Triclosan was developed as a surgical scrub for hospitals and has also been used as a pesticide. It is in many products, including cosmetics and toothpaste. Studies have found that exposure to triclosan over time causes fibrosis and cancer in mice and that it can interfere with hormones and reduce our ability to fight bacteria. However, when used correctly, it has been proven to treat gingivitis and bleeding gums. We need further studies to gain a more complete understanding of any dangers posed by triclosan, so consumers may want to choose products that do not contain it until additional research is published.
Formaldehyde, Phthalates & Lead:
Substances like formaldehyde, phthalates, lead, and other metals may be harmful in large concentrations but are safer in small amounts. Formaldehyde occurs naturally in our environment, and it is in cosmetics in very small amounts. However, research has shown that some people may experience skin irritation even from the tiny amounts of formaldehyde allowed in cosmetics.
Some studies have found that pthalates interfere with the balance of hormones in our bodies, and other studies have found a link between phthalates and type 2 diabetes. In response, several governing authorities have banned specific types of phthalates from use.
We all know that lead is dangerous, so why is it in products we apply to our skin? Lead and other metals naturally occur in our environment, so they end up in a lot of the products we use. They are not specifically added to cosmetics. Studies have found that you will take in more lead from drinking water than wearing makeup. The scientific consensus is that the amount of metals in cosmetics falls within a safe range, but more research needs to be done, particularly for chromium.
How we, at Au Natural Skinfood can help to keep you safe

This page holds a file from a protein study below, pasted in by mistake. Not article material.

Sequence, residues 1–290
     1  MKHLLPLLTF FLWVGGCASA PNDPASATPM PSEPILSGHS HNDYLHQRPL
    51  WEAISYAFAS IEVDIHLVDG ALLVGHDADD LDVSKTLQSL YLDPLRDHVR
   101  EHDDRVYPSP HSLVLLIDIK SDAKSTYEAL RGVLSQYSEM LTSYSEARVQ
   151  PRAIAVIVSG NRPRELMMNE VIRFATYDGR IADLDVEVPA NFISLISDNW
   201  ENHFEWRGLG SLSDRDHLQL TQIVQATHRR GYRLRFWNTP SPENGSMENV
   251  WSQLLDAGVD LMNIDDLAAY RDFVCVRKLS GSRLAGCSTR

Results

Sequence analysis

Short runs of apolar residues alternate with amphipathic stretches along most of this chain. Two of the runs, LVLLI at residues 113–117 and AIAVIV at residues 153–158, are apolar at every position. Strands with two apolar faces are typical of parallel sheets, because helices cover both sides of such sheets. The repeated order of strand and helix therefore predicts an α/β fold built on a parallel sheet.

Understanding our skin is important when choosing what products, we want to apply to it. While it is great that we have regulatory authorities to help keep harmful chemicals out of our products, the science is always evolving, and consumers should be able to make informed decisions. Look for brands that are transparent about their ingredients, can back up their claims with science and that are natural practising clean beauty.
At Au Natural Skinfood we strongly believe that if we can strengthen the skins natural barrier function to be the best that it can be, then we can use our skins own defence system to fight environmental damage and external pollutants. Manuka honey has a large molecular structure and we do not use nano technology, meaning that our Au Natural products cannot penetrate the dermal layers.
We suggest supporting your skin with our Hair.Skin.Nails. collagen powder, it is a nutricosmetic which means that we feed your skin with the active ingredients that it needs from the inside, they transit through your digestive tract, are absorbed into your intestines and then circulate to cells that need them, fighting free radicals and in a nutshell your hair, skin and nails will be stronger, will have the nutrients to naturally repair themselves and look healthier. Our collagen powder is designed to support our skincare products to rebuild your skin in a hand holding approach.
Au Natural is committed to helping you create new healthy skin habits. No nasties, no nutrient-depleted fillers, just Au Natural Skinfood.
Tracy – Founder
- Skin Absorption and Natural Skincare Products: With regards to molecule size and depth of absorption e.g. https://www.essentially-yours.co.uk/blog/why-we-are-different-to-any-other-skincare-brand-/.
- The chemistry of cosmetics by Dr. Oliver Jones, & Prof. Ben Selinger, AM, at https://www.science.org.au/curious/people-medicine/chemistry-cosmetics.
- Milady Skin care and the cosmetic ingredients dictionary 4th edn (2014), by M. Varinia Michalun & Joseph C. Dinardo.